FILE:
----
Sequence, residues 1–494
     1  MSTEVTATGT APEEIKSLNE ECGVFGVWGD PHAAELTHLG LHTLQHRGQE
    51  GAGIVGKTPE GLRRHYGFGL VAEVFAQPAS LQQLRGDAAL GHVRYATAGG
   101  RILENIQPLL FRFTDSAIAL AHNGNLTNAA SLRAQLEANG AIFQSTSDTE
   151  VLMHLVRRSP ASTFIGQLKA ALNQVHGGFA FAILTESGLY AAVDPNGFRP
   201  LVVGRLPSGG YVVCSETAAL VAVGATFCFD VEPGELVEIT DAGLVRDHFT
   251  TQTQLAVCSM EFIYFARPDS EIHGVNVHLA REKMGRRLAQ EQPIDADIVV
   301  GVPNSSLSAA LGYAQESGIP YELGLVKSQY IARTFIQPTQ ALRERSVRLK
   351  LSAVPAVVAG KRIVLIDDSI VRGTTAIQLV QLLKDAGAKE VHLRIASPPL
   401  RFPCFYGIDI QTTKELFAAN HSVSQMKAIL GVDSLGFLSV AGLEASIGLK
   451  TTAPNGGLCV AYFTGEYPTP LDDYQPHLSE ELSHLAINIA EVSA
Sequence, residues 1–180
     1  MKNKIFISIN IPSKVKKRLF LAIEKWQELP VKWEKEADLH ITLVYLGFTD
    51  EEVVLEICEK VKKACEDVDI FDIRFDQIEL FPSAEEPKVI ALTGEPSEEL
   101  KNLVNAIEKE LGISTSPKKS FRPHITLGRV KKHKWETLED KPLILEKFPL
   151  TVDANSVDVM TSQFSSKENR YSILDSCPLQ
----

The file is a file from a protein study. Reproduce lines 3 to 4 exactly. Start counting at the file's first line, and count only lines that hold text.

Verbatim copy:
    51  GAGIVGKTPE GLRRHYGFGL VAEVFAQPAS LQQLRGDAAL GHVRYATAGG
   101  RILENIQPLL FRFTDSAIAL AHNGNLTNAA SLRAQLEANG AIFQSTSDTE